I’ve experienced this before. Torah study has saved my life by offering me a flotation device–– a way to stay present, active and engaged with my ancestors and chevrutas even during the most wrenching or uncertain moments. I’ve felt like Rabbi Akiva, gripping the daf as the waters of loss, change, or fear enveloped me, my learning buoying me from this wave to the next.
This past week I had the privilege of learning with Imani Romney-Rosa Chapman, a racial equity educator, organizer, and spiritual leader. Imani was teaching her Torah on synagogue-based antiracism initiatives, and the work of developing accountability within multiracial communities, to a small group of rabbis through the Synagogues Rising network. She opened her teaching with Exodus 36, and asked us, “What can we learn from the building of the mishkan that would help us in building antiracist community within our synagogues?”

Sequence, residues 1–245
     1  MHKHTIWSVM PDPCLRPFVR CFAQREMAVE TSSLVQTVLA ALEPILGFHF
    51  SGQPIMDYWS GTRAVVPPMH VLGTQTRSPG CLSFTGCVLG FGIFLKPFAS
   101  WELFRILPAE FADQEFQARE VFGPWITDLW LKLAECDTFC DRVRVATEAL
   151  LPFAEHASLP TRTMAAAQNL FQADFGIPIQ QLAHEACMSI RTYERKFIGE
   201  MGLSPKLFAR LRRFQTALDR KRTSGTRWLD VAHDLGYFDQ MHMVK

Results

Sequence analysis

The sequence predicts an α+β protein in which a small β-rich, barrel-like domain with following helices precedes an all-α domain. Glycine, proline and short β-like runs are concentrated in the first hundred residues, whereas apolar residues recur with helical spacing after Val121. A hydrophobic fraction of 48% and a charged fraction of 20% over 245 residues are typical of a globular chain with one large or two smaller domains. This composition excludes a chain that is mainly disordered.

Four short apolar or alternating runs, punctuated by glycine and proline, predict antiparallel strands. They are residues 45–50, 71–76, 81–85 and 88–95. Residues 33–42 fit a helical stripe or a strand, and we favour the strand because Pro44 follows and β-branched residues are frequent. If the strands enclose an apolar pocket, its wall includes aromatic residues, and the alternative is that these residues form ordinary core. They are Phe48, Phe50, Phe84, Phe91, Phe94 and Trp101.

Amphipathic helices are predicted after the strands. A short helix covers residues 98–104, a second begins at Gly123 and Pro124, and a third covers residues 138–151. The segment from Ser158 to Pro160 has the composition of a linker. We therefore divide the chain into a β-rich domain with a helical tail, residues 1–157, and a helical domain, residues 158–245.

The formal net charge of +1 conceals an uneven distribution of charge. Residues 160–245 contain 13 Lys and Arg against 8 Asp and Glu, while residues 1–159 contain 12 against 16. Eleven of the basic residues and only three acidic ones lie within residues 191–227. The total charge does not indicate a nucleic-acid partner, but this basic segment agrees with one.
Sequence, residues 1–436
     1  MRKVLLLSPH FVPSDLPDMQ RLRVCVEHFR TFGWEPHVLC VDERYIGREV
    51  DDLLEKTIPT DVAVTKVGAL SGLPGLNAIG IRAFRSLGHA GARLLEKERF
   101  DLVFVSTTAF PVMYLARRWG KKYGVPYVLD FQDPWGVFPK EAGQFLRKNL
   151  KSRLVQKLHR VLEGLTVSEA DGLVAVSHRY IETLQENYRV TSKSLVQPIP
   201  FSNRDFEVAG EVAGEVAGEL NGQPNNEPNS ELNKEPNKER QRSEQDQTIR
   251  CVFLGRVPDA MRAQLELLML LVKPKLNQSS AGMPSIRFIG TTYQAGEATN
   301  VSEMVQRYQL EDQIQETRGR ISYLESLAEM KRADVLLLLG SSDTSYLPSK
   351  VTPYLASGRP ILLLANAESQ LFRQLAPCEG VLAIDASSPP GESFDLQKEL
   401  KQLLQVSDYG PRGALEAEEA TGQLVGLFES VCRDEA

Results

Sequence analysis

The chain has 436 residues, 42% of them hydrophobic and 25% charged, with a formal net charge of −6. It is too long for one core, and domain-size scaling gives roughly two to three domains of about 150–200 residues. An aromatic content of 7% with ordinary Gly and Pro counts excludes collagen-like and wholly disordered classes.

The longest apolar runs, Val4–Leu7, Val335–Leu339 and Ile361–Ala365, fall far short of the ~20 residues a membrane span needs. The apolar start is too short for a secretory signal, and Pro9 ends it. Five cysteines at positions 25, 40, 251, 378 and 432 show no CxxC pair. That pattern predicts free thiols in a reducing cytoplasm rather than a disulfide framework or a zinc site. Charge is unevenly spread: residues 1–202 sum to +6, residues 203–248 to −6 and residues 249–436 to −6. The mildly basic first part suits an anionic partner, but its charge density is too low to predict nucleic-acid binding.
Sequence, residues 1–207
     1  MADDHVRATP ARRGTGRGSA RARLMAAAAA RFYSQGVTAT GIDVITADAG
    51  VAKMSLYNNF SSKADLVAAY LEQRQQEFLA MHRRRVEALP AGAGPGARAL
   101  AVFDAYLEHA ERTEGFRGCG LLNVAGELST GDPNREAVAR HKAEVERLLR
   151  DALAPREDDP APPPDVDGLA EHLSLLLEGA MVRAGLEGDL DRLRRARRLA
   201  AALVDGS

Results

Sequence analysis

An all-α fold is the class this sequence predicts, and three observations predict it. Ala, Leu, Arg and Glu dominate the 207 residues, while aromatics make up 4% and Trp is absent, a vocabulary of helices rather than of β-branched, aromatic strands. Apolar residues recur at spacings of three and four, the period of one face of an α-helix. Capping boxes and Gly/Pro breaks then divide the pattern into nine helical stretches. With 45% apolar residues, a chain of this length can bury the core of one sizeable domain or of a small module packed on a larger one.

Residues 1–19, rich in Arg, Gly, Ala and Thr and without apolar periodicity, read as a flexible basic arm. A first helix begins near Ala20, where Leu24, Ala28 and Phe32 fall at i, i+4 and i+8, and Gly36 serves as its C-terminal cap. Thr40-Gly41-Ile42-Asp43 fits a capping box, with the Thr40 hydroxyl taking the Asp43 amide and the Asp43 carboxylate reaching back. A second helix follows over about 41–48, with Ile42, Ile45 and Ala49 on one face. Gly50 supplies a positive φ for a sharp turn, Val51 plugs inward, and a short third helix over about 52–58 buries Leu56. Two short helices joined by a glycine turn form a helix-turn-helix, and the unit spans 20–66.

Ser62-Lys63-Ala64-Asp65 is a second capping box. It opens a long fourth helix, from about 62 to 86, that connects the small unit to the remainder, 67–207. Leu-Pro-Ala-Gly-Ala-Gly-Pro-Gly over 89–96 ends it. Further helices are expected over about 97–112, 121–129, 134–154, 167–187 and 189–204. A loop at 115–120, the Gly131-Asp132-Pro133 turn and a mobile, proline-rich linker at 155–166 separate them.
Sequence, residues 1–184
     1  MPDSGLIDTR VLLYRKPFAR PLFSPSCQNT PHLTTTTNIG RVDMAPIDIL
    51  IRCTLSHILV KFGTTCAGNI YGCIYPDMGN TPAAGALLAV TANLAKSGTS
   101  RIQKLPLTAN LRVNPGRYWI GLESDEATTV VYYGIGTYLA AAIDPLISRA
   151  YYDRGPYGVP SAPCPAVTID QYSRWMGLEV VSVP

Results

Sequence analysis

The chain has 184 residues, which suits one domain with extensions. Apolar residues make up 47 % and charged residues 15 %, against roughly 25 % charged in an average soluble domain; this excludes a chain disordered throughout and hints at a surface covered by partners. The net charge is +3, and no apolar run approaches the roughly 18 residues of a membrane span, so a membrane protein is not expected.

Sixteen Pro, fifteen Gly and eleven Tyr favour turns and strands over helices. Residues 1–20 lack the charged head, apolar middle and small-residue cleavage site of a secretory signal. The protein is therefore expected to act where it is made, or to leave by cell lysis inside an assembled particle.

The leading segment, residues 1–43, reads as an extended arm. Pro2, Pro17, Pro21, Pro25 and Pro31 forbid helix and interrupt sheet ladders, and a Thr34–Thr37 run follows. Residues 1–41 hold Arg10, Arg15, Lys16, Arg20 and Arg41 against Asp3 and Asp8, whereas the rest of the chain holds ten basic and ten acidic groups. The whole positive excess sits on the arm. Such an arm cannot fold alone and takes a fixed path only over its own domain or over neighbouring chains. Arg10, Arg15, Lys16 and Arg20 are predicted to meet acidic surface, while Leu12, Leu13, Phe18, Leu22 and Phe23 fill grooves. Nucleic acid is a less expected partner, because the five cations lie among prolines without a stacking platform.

In Exodus 36, Moses authorizes Bezalel, Oholiab, and all skilled artisans in the Israelite community to construct the mishkan according to G!d’s instructions. The people bring free-will offerings each morning to the tabernacle in order to contribute to the process. Eventually, the offerings are too much for the artisans, and Moses instructs the camp: “No more offerings! It is enough.” The people pause their giving, and the mishkan is built.